November 1915 finds Butler’s durable war correspondent/secret agent Christopher Marlowe Cobb expecting some time away from cloak and dagger. Fate, the Germans, and his boss have other plans.
Despite the pleas of the Foreign Office and the manifest inability of the British and French to win the Great War on their own, Woodrow Wilson is stubbornly keeping the U.S. on the sidelines. But of course there’s nothing to prevent Kit (The Empire of Night, 2014, etc.) from sending the Chicago Post-Express inspiring tales of Americans like John Barrington Lacey, Cyrus Parsons, and Jefferson Jones, who’ve volunteered to serve as ambulance drivers. Kit’s relatively sedate plans of riding along with these drivers and getting them to pour their hearts out are upended by a bombing at the Terminus Hôtel and the promise of more. James Polk Trask, the head of the American Secret Service, thinks Kit would be the perfect candidate to infiltrate the ranks of recent German immigrants who may secretly be saboteurs. It’s hard to share his confidence, since the first person Kit suspects of heading the saboteurs is vindicated in a spectacularly abrupt way, and his second suspect disappears while Kit is supposed to be keeping an eye on him. Luckily for Kit, he’s far more successful at romancing Louise Pickering, a New England–born nurse who’s just as wary of strangers as he is and just as susceptible to high-flown sentiments. As for the rest, readers who don’t know how World War I turned out will find no spoilers and precious little espionage. Paris isn’t the only thing in the dark here.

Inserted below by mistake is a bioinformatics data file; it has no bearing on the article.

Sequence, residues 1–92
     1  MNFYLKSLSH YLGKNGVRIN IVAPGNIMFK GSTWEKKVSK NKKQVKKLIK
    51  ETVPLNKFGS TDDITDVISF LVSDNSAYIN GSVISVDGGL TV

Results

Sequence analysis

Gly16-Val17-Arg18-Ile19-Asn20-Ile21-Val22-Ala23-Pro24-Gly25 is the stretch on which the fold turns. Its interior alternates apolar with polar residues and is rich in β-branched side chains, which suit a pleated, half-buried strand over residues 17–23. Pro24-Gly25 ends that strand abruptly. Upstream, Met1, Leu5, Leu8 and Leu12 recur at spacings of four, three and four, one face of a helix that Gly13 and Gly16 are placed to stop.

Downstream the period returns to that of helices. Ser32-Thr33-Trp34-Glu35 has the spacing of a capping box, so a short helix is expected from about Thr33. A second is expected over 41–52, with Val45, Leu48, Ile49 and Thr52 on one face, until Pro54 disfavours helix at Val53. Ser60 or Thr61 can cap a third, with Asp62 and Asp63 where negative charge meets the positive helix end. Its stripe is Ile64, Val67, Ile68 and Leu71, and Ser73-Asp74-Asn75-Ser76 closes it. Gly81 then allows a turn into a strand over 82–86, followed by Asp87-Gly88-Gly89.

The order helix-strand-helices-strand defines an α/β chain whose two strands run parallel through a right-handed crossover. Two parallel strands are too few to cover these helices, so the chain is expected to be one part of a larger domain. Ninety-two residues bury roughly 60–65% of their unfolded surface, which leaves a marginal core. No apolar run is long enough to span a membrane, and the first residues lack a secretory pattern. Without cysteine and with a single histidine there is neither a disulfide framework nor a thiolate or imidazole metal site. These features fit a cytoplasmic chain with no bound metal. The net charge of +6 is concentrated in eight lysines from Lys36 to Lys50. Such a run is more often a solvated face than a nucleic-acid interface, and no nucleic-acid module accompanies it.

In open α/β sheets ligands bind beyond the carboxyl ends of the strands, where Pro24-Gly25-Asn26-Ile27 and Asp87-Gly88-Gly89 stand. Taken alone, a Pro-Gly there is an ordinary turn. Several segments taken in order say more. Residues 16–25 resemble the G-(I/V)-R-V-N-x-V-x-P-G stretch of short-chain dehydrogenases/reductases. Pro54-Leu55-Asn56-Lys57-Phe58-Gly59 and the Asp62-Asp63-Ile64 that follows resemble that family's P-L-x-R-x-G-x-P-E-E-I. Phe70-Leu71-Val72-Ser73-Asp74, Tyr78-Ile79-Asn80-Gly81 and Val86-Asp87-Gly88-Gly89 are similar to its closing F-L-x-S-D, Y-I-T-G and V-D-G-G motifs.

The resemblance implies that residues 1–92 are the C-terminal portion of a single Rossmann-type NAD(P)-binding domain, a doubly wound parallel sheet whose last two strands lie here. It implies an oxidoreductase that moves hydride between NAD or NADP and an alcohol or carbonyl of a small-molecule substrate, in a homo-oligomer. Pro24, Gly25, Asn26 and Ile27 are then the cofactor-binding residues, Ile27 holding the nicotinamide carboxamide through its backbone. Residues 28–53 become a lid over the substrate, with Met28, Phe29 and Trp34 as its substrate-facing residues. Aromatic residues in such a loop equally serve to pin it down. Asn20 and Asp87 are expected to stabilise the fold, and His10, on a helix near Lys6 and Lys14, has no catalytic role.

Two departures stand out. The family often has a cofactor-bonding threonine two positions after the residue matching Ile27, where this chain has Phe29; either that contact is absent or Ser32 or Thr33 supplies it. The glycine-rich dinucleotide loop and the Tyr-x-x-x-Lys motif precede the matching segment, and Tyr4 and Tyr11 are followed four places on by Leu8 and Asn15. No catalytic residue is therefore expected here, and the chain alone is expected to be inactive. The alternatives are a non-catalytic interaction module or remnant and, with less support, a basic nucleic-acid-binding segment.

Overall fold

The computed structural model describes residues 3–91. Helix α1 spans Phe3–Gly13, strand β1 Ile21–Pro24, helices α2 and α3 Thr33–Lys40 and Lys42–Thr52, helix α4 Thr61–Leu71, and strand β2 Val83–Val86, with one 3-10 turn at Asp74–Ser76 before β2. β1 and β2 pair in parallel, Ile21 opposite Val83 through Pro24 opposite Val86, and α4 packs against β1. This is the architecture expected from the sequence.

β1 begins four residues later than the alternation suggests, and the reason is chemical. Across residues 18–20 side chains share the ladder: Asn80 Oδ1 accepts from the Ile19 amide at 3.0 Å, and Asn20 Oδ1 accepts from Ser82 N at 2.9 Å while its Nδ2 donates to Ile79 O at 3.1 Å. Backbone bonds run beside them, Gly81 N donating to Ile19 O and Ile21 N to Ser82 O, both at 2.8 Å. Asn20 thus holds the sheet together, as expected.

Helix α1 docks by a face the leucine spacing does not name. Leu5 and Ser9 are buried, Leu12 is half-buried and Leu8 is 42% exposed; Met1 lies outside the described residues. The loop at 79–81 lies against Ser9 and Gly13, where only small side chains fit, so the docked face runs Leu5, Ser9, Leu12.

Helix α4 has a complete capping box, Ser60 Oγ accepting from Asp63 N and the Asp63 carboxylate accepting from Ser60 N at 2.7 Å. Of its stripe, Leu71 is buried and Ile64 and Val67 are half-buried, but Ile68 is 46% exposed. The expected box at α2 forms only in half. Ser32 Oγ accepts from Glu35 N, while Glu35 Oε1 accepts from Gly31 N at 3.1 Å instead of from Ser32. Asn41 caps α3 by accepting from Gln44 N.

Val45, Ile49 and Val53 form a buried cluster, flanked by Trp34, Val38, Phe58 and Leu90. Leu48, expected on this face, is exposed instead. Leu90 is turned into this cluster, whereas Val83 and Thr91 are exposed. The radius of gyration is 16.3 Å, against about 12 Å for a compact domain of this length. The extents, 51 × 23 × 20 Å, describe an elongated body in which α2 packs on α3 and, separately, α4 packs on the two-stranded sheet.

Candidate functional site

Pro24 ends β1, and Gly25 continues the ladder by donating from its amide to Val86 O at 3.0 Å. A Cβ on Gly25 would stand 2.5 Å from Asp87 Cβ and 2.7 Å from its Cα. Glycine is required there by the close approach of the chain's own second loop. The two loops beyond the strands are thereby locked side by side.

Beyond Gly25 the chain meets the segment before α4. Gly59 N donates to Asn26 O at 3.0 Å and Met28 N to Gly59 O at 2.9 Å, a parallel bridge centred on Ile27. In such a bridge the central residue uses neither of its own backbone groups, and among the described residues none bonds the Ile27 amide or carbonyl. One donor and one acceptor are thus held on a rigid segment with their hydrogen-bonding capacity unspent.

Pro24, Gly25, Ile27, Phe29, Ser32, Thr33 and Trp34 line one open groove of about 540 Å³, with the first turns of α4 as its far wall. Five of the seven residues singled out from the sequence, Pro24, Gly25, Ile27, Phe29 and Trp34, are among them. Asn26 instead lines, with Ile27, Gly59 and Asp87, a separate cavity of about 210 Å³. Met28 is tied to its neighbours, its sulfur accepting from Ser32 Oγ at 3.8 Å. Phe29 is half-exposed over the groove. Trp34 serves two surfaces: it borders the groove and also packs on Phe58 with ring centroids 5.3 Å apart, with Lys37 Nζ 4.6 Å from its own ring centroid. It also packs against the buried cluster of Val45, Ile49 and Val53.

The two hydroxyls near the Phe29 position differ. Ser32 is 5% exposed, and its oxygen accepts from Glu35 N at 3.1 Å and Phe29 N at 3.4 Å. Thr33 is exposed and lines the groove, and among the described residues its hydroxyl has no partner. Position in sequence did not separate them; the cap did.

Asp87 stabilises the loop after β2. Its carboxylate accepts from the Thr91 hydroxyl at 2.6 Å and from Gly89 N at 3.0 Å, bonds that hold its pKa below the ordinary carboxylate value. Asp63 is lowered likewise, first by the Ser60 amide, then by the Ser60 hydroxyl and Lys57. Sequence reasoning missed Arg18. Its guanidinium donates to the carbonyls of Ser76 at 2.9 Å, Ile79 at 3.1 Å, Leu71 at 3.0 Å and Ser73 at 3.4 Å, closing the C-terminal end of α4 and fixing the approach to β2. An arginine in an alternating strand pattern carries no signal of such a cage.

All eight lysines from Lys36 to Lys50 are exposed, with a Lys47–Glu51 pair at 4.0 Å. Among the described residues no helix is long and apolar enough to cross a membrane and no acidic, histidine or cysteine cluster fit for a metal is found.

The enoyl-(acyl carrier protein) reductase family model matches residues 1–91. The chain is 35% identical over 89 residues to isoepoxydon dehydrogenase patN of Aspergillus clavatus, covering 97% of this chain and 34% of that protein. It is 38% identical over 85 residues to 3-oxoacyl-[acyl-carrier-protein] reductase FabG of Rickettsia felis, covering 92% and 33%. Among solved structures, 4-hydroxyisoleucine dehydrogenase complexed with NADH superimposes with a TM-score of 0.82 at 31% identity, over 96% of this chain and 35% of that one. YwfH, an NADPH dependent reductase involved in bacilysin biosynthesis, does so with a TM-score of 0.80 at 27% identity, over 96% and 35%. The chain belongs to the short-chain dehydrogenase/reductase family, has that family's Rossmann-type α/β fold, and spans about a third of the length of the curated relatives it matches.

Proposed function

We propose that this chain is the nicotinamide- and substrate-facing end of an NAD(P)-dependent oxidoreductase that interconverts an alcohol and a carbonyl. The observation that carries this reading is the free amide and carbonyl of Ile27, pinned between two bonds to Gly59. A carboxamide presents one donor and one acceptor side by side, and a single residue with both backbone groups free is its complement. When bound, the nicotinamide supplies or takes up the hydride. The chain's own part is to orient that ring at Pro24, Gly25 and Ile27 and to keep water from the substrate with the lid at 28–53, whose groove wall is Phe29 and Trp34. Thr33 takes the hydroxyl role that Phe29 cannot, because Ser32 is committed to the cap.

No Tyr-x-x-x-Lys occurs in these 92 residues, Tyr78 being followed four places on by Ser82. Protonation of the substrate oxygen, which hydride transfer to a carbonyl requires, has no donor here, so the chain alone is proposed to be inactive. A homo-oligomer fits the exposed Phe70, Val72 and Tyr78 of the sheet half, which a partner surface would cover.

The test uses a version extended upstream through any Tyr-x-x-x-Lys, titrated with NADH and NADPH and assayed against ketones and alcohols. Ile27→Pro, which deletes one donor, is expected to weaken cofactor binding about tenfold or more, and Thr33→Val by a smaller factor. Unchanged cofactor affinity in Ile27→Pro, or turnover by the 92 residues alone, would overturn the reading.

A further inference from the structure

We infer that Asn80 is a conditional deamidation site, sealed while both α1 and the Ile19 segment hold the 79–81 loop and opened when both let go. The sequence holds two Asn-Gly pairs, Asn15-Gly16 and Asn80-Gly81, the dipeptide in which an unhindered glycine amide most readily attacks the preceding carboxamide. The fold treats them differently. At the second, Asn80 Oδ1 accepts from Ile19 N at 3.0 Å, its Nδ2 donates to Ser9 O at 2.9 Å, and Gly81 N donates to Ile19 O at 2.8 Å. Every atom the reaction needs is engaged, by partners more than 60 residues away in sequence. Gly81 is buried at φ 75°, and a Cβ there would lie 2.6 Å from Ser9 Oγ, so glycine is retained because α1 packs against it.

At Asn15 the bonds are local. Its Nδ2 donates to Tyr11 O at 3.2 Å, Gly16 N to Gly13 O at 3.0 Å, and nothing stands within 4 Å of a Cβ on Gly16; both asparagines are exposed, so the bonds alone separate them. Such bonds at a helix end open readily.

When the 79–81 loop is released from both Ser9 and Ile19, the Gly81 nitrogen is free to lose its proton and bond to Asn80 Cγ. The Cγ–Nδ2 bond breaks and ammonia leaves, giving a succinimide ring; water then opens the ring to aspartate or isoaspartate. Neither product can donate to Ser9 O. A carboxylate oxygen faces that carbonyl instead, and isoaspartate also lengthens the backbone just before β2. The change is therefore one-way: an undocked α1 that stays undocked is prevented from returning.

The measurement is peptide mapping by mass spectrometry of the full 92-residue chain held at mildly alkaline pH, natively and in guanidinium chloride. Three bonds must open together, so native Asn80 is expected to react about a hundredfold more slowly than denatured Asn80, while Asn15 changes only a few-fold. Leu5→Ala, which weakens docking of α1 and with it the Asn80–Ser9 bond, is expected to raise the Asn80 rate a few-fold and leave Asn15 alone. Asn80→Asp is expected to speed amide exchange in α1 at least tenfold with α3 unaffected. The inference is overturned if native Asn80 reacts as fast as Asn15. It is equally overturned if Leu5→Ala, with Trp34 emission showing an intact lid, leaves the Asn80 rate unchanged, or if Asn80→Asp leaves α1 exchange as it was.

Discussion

Sensitive but unimpressive. The early paranoid previsions of all-too-contemporary fears about immigrants just aren’t enough to lift Butler’s latest above the crowd of stiff-upper-lip period tales of the War to End All Wars.